On Jan. 25, 2023, under cold gray skies and sleet, two World War II U.S. Army veterans returned to Arlington National Cemetery (ANC) to commemorate the Battle of the Bulge—the last major German offensive campaign on the western front. Darryl Bush and John Landry witnessed a wreath-laying at the Battle of the Bulge Memorial before laying a wreath at the Tomb of the Unknown Soldier. Neither of the men seemed bothered by the weather, explaining that it was much colder 78 years ago in Europe.
On December 16, 1944, Adolph Hitler launched three German armies toward American troops in Belgium and Luxembourg in a last, failed bid to prevent the Allies from entering Germany. The attack drove a large bulge into Allied lines—hence the name the Battle of the Bulge. It took the Allies, consisting primarily of American troops, more than a month to defeat the German armies. The campaign, a turning point in the war, officially ended on January 25, 1945.
Both veterans recalled fighting the cold as well as the Germans. “It was 30 below on the day that I was shot,” said Bush, a rifleman with the 75th Infantry Division, who caught a bullet in his right thigh.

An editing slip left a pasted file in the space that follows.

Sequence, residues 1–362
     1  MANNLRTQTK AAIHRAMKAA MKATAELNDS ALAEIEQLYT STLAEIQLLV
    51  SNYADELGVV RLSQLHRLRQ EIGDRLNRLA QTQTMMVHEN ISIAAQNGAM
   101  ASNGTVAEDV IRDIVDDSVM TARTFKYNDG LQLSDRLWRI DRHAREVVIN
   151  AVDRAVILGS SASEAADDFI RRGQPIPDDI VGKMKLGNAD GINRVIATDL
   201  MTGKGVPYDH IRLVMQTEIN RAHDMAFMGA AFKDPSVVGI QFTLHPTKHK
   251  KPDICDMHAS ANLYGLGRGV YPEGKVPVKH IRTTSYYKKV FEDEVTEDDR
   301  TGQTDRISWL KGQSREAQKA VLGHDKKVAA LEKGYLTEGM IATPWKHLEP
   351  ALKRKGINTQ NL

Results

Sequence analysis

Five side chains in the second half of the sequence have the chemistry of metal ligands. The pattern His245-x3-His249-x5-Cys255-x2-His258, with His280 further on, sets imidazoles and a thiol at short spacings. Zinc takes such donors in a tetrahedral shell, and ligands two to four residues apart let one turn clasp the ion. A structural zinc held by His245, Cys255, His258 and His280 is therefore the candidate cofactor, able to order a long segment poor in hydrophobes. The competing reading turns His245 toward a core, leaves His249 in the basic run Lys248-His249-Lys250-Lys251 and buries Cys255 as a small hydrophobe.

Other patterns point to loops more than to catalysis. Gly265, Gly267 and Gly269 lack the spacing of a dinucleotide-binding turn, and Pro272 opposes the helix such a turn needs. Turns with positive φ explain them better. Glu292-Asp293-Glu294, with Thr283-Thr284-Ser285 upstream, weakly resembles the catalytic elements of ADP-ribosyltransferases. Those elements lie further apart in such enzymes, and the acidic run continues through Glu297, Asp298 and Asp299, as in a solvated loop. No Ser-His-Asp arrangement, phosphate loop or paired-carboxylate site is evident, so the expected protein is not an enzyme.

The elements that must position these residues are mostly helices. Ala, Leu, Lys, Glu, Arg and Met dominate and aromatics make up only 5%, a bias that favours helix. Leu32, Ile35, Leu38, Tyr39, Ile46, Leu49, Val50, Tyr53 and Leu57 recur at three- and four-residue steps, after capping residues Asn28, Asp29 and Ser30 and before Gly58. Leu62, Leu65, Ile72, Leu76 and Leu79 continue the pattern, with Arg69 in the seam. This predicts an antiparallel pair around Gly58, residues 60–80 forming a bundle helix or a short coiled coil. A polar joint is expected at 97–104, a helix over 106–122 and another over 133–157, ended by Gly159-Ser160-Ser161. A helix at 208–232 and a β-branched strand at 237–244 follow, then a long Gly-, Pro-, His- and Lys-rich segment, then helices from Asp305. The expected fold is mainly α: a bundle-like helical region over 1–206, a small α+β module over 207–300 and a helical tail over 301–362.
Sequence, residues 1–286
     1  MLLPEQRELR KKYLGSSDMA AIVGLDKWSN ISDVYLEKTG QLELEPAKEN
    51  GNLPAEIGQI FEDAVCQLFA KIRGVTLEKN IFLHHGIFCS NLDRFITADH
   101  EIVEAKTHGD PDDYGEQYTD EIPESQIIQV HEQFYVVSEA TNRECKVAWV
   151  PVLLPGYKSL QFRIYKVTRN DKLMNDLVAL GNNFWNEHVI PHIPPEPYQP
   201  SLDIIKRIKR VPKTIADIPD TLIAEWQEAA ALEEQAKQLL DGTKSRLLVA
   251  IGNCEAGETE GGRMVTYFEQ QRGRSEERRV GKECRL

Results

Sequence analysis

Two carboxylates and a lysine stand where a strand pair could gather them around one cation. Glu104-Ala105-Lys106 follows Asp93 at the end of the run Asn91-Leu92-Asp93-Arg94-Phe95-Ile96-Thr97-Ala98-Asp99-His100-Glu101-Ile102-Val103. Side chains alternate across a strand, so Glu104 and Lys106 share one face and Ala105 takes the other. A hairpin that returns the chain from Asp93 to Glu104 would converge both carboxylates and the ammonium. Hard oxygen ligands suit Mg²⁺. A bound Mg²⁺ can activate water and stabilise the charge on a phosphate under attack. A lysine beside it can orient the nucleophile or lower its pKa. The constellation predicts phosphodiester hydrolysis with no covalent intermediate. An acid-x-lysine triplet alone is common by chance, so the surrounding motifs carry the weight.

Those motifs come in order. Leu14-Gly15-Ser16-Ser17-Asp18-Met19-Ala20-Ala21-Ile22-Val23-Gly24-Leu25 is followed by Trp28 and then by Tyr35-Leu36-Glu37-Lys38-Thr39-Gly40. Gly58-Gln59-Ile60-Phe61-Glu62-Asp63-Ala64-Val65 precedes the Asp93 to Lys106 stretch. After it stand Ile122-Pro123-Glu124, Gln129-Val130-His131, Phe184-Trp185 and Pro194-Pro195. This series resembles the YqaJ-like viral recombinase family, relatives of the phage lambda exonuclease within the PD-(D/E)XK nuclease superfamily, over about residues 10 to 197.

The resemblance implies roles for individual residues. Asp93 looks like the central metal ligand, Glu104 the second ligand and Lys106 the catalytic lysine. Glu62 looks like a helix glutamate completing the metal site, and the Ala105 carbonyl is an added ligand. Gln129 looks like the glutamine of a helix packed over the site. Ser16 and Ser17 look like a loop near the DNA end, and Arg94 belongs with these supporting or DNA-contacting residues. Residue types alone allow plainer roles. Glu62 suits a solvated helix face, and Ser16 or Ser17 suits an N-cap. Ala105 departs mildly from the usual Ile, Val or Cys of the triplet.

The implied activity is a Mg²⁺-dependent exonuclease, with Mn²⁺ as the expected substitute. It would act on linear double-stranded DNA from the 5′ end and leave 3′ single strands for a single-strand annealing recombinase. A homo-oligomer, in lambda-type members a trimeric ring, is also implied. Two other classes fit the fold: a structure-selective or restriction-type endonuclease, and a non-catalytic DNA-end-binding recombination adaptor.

Landry, who served in the 776th Anti-Aircraft Artillery Battalion and drove trucks for the famed “Red Ball Express” that supplied the frontline troops, simply said, when asked about the fighting, “I don’t want to do it again.”
At ANC, President and CEO of the Battle of the Bulge Association, John Mohor, oversaw the ceremony at the Battle of the Bulge Memorial. He then asked two people whose fathers had been killed during the battle to lay the wreath. Luxembourg Ambassador Nicole Bintner-Bakshian and Belgium’s Deputy Chief of Mission Sophie Karlshausen joined them as a bugler sounded Taps. Before the event ended, Army Chief of Staff Gen. James McConville and Maj. Gen. Allan Pepin, commander of Joint Task Force–National Capital Region and the U.S. Military District of Washington (pictured above), shook hands with both veterans.
The events concluded as Bush and Landry laid a wreath at the Tomb of the Unknown Soldier. Both men proudly wore symbols of their service. Landry wore a black “World War II Veteran” baseball cap, while Bush wore a Battle of the Bulge baseball cap and his Eisenhower jacket bearing his medals.
As they descended the marble steps to the Tomb, Landry’s son held his arm, while Bush was accompanied by his friend Pierre Oury. After laying the wreath, the two snapped to attention and saluted, honoring their comrades who gave all to serve their nation—and the world.